Tuesday, 25 January 2022 11:46

OPINION: Advocates ignore constitutional safeguards that block their goals

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Those who want North Carolina to throw billions of additional taxpayer dollars at public education like to talk about the state constitution. Yet they ignore a clear pillar of that constitution. It stands in the way of their objectives.


Many advocates of additional education spending support a Nov. 10 trial court order. Retired Union County judge David Lee would compel state government officials to transfer $1.7 billion out of North Carolina’s state treasury. Most of the money would head to the Department of Public Instruction, with smaller amounts heading to the state agency overseeing health programs and the University of North Carolina System.

Here’s the problem: The General Assembly played no role in the judge’s decision. Our constitutional system requires lawmakers — not judges — to authorize spending taxpayer dollars.

One official ordered to make the transfer — State Controller Linda Combs — went to court to block the order. Her attorney argued that the judge presented her with an unworkable choice. She could follow the order and violate state law, which prevents her from transferring any money not appropriated by an act of the General Assembly. Or she could follow the law and risk legal sanctions for ignoring the court order.

The N.C. Court of Appeals accepted Combs' argument. Appellate judges have blocked the $1.7 billion transfer. But advocates of increased spending are asking the state Supreme Court to step in.

To justify intervention from the state’s highest court, advocates reference the General Assembly’s repeated violation of a constitutional duty. Article I, Section 15 of the state Constitution says “The people have a right to the privilege of education, and it is the duty of the State to guard and maintain that right.” Article IX goes on to spell out more details of the state’s education obligations.

A 1997 state Supreme Court decision in the Leandro case goes further. It says children in North Carolina are entitled to a “sound basic education.” The state’s highest court clarified that ruling with another decision in 2004.

“After more than seventeen years of deferring to the State, and equipped with ample foundational support evidencing both the means to achieve constitutional compliance as well as the State’s repeated failure to remedy the constitutional violations as ordered by this Court in 2004, the trial court issued its 10 November 2021 Order in accordance with the relief required by the North Carolina Constitution,” wrote Elizabeth Haddix, an attorney pushing for the $1.7 billion in additional taxpayer spending.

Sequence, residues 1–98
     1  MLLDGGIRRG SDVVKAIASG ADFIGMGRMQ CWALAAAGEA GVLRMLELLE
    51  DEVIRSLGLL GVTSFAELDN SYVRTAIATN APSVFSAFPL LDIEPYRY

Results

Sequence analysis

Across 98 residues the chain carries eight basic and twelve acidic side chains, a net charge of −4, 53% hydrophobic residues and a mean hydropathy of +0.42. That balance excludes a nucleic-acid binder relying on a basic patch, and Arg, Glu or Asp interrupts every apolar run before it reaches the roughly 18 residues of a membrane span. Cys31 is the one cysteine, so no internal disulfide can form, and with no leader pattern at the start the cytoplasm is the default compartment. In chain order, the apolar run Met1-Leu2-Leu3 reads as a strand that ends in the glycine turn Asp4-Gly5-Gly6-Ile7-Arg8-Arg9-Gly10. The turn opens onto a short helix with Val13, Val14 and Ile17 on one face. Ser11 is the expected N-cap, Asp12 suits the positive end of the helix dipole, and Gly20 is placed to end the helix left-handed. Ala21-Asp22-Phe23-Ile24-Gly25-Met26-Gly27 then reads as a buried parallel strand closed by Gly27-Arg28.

Lamenting “17 years of State recalcitrance to correct its constitutional violations,” Haddix criticized the N.C. Court of Appeals for throwing out Lee's order. “By blocking that remedy, the Court of Appeals decision contradicts the core constitutional principle that every person for harm done ‘shall have a remedy by due course of law,'” she wrote. “And it suggests, contrary to the explicit language of the Constitution, that the legislature may deprive courts of their inherent remedial powers.”

It’s interesting that Haddix references “explicit language” within the N.C. Constitution.

That same document says in Article V, Section 7: “No money shall be drawn from the State treasury but in consequence of appropriations made by law.”

Lee, the judge who ordered the $1.7 billion transfer, concluded that the state Constitution’s education mandate amounted to “law.” He deemed that his order thus followed the dictates of Article V, Section 7.

But that determination contradicts previous N.C. Supreme Court rulings, including one issued as recently as December 2020. In a 6-1 decision in Cooper v. Berger, the state Supreme Court offered a clear view of the implications of Article V, Section 7.

“In light of this constitutional provision, ‘[t]he power of the purse is the exclusive prerogative of the General Assembly,’ with the origin of the appropriations clause dating back to the time that the original state constitution was ratified in 1776,” wrote Justice Sam “Jimmy” Ervin IV little more than one year ago.

“In drafting the appropriations clause, the framers sought to ensure that the people, through their elected representatives in the General Assembly, had full and exclusive control over the allocation of the state’s expenditures,” he added. “As a result, the appropriations clause ‘states in language no man can misunderstand that the legislative power is supreme over the public purse.’”

Ervin's citation of “language no man an misunderstand” dates back to 1967. In a case called State v. Davis, the Supreme Court also held that “Moneys paid into the hands of the State Treasurer by virtue of a State law become public funds for which the Treasurer is responsible, and may be disbursed only in accordance with legislative authority.”

Fifty-five years ago, the Davis court labeled a single trial judge’s attempt to force the state to spend money without legislative approval “repugnant to the specific provisions” of the N.C. Constitution.

It’s a constitutional history lesson worth revisiting with $1.7 billion in taxpayers’ money at stake today.

Mitch Kokai is senior political analyst for the John Locke Foundation.